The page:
Here is a dreadful first attempt. I'll try to think of something better and put it in later.

There once was a writer at lunch,
All the food she quite forgot to crunch
Her mind was away
On a limerick fray
Couldn't find a last line with a punch.
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Postby Esther » Sun Nov 01, 2009 8:22 pm

Here's one my daughter said her teacher told her when they were learning about limericks in class.

There once was a man from Peru
Who's limerick ended line two.

:lol:
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Postby glorybee » Sun Nov 01, 2009 10:06 pm

Esther wrote:Here's one my daughter said her teacher told her when they were learning about limericks in class.

There once was a man from Peru
Who's limerick ended line two.

:lol:


This gave me today's best laugh!
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Postby CatLin » Sun Nov 01, 2009 10:10 pm

While I work on my own homework, here's one I hear at the beach:
(warning: rated PG)


A marvelous bird is the pelican
His mouth can hold more than his belly can
He can hold in his beak
Enough food for a week
And I don't know how in the h--- he can

I haven't counted the syllables, but it sounds like a limerick to me. :D
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Postby glorybee » Sun Nov 01, 2009 10:12 pm

Esther wrote:Here is a dreadful first attempt. I'll try to think of something better and put it in later.

There once was a writer at lunch,
All the food she quite forgot to crunch
Her mind was away
On a limerick fray
Couldn't find a last line with a punch.


Esther, this certainly isn't dreadful! I especially like your last line, which actually does have a fun punch to it.

Could we look at the meter of line two? If I were to emphasize the stressed and unstressed syllables, it'd look something like this:

all the FOOD she quite for GOT to CRUNCH

If you read that aloud, you'll see that it doesn't really fit the pattern of a traditional limerick. But if you read it with the right stressed/unstressed pattern, it'd sound like this:

all the FOOD she quite FOR got to CRUNCH

Well, that's not right, either, putting the emphasis on the first syllable of "forgot".

What about this slight variation:

all the FOOD she'd for GOT ten to CRUNCH

What do you think?
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Postby glorybee » Sun Nov 01, 2009 10:16 pm

CatLin wrote:While I work on my own homework, here's one I hear at the beach:
(warning: rated PG)


A marvelous bird is the pelican
His mouth can hold more than his belly can
He can hold in his beak
Enough food for a week
And I don't know how in the h--- he can

I haven't counted the syllables, but it sounds like a limerick to me. :D


Cat, it's so funny!

And it shows how the limerick form is pretty flexible. Your longer 3 lines have 10 syllables each, yet it still works.
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Postby Esther » Mon Nov 02, 2009 2:20 am

glorybee wrote:
Esther wrote:Here is a dreadful first attempt. I'll try to think of something better and put it in later.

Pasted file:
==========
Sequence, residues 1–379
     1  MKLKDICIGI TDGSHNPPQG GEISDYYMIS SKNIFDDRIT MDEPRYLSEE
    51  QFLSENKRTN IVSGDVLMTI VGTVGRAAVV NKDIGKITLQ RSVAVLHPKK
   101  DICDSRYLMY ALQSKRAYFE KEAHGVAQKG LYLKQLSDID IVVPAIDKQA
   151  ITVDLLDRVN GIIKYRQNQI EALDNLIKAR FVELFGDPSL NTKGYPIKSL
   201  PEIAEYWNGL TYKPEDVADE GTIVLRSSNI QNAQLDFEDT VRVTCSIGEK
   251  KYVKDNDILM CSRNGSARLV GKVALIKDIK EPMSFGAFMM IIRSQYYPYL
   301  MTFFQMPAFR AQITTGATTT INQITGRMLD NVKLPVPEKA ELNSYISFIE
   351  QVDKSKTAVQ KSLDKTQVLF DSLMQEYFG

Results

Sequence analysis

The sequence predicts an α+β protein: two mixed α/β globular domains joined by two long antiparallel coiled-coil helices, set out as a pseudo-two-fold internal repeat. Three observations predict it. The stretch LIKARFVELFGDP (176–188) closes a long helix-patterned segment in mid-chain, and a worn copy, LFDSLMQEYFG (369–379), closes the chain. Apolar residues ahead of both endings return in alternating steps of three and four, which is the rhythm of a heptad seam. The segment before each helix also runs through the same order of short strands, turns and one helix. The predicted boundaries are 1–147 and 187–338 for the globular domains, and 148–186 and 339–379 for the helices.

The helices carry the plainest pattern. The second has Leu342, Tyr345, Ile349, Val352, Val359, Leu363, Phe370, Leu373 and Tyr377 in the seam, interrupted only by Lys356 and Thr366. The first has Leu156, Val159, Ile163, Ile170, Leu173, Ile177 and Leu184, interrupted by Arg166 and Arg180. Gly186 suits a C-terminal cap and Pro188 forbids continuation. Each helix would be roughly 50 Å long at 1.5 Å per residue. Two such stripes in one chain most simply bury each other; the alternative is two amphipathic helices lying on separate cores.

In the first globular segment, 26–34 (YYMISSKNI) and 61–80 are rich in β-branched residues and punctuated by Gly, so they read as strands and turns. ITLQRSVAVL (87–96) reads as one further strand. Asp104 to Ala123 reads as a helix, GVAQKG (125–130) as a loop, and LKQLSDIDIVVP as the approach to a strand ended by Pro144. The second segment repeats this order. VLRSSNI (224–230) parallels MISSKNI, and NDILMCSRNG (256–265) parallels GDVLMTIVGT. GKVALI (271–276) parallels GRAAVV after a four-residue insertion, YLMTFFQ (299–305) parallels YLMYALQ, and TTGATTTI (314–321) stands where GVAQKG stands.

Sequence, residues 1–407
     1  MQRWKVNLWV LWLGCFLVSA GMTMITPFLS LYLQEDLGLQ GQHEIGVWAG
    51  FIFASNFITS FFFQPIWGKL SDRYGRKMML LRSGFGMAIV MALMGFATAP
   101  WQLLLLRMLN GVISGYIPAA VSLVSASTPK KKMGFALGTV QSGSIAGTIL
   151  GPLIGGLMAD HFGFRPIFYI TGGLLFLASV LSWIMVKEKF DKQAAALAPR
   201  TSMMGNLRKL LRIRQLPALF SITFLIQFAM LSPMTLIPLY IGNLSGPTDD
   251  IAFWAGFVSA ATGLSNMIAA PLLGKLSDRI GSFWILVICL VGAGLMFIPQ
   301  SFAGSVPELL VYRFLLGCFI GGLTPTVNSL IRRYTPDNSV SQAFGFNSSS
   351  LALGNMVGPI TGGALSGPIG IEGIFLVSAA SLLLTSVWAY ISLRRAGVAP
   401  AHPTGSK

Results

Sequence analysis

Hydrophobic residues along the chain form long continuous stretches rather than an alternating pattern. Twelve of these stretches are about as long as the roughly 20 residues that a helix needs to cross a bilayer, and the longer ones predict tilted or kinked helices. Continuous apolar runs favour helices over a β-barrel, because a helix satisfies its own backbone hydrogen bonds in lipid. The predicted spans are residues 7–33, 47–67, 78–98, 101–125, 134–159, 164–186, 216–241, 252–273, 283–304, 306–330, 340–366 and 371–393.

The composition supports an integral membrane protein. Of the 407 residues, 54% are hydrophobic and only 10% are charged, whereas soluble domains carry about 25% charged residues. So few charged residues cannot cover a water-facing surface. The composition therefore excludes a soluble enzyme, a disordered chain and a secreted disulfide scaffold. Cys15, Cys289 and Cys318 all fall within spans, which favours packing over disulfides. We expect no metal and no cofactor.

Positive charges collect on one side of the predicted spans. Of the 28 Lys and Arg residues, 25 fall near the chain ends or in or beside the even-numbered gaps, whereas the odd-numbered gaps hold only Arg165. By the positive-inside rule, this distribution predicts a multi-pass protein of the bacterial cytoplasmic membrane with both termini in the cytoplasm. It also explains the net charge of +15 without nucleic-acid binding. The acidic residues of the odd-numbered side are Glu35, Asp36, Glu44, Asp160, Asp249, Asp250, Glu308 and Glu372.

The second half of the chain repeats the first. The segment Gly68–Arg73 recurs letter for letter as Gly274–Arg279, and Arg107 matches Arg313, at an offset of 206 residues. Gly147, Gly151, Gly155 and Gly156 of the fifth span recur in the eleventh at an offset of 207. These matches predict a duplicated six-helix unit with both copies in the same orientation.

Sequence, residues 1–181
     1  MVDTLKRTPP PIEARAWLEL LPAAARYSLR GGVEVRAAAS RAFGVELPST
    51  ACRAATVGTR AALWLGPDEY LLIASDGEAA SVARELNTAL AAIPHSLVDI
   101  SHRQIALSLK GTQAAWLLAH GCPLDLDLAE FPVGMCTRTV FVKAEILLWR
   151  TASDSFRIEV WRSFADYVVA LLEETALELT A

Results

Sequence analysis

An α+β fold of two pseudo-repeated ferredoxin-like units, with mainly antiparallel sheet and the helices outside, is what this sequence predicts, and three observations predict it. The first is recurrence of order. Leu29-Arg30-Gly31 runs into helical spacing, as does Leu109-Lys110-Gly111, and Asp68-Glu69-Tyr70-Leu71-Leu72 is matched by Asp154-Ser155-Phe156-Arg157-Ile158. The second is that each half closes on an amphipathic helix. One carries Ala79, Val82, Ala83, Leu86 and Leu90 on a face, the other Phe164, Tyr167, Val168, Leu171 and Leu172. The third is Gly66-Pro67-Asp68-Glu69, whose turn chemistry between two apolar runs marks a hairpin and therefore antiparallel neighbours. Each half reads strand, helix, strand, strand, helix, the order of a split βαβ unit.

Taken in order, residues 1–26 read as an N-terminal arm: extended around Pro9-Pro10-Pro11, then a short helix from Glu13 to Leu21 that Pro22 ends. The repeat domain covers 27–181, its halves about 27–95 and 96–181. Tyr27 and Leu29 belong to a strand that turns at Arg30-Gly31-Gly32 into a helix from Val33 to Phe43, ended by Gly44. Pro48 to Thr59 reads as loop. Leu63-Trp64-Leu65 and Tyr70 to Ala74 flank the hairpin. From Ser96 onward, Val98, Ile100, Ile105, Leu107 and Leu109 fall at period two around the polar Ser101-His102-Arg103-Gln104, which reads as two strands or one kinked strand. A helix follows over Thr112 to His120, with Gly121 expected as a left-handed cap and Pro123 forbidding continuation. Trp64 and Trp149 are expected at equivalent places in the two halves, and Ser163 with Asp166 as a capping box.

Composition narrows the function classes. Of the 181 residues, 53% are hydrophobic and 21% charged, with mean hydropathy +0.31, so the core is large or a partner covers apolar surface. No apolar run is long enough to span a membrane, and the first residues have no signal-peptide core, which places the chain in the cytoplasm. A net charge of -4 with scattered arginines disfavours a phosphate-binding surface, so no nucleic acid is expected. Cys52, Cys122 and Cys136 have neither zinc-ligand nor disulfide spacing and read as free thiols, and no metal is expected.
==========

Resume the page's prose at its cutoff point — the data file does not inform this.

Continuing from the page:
There once was a writer at lunch,
All the food she quite forgot to crunch
Her mind was away
On a limerick fray
Couldn't find a last line with a punch.


Esther, this certainly isn't dreadful! I especially like your last line, which actually does have a fun punch to it.

Could we look at the meter of line two? If I were to emphasize the stressed and unstressed syllables, it'd look something like this:

all the FOOD she quite for GOT to CRUNCH

If you read that aloud, you'll see that it doesn't really fit the pattern of a traditional limerick. But if you read it with the right stressed/unstressed pattern, it'd sound like this:

all the FOOD she quite FOR got to CRUNCH

Well, that's not right, either, putting the emphasis on the first syllable of "forgot".

What about this slight variation:

all the FOOD she'd for GOT ten to CRUNCH

What do you think?


This line does sound much better. Thanks for your comments.
Esther
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"He is no fool who gives what he cannot keep to gain what he cannot lose." -Jim Elliot

"Cats are successful underachievers. They only need to purr in order to get free food and TLC. What other creature can lay around the house doing nothing beyond purring, and still get free food and TLC?" - Jim Aites

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Postby GShuler » Mon Nov 02, 2009 4:17 am

First, traditional:

A gallant old gent from Jafar
Desired to buy a new car.
He had money enough
Although counting was tough...
It was pennies in ten thousand jars.

Now a non-traditional one that I wrote years ago:

At Limericks my talent is fine,
I write them each night as I dine...
But it seems rather poor
That right after line four
It never fails that I get too many words in the last line.

My brother, his sur-name is Mort
Gives a totally different report.
His rhymes would be fine
But his very last line
Is short.
I had something really memorable to write here but I forgot what it was.
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Postby glorybee » Mon Nov 02, 2009 7:07 am

Gerald, these went from funny to funnier! More, please!
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Postby swfdoc1 » Mon Nov 02, 2009 10:56 am

glorybee wrote:
CatLin wrote:While I work on my own homework, here's one I hear at the beach:
(warning: rated PG)


A marvelous bird is the pelican
His mouth can hold more than his belly can
He can hold in his beak
Enough food for a week
And I don't know how in the h--- he can

I haven't counted the syllables, but it sounds like a limerick to me. :D



Cat, it's so funny!

And it shows how the limerick form is pretty flexible. Your longer 3 lines have 10 syllables each, yet it still works.


This is a fairly faithful version of one of the most famous (clean) limericks. It's by a guy named Dixon Lanier Merritt although I've seen it incorrectly attributed to both Ogden Nash and Edward Lear. The original had extra syllables, too.

Here's mine. I tried for a pun/play on words at the end:

There once was a man from Nantucket.
Whenever he saw corn, he’d shuck it.
If ‘twas still on the stalk
From shucking he’d not balk
He’d shuck after he’d nipped and tuck it.
Steve
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Postby glorybee » Mon Nov 02, 2009 3:45 pm

There once was a man from Nantucket.
Whenever he saw corn, he’d shuck it.
If ‘twas still on the stalk
From shucking he’d not balk
He’d shuck after he’d nipped and tuck it.


Clever, Steve! I like how you took a "given" first line, and gave it your own unique twist. And your pun was a definite groaner--the defining characteristic of a good pun.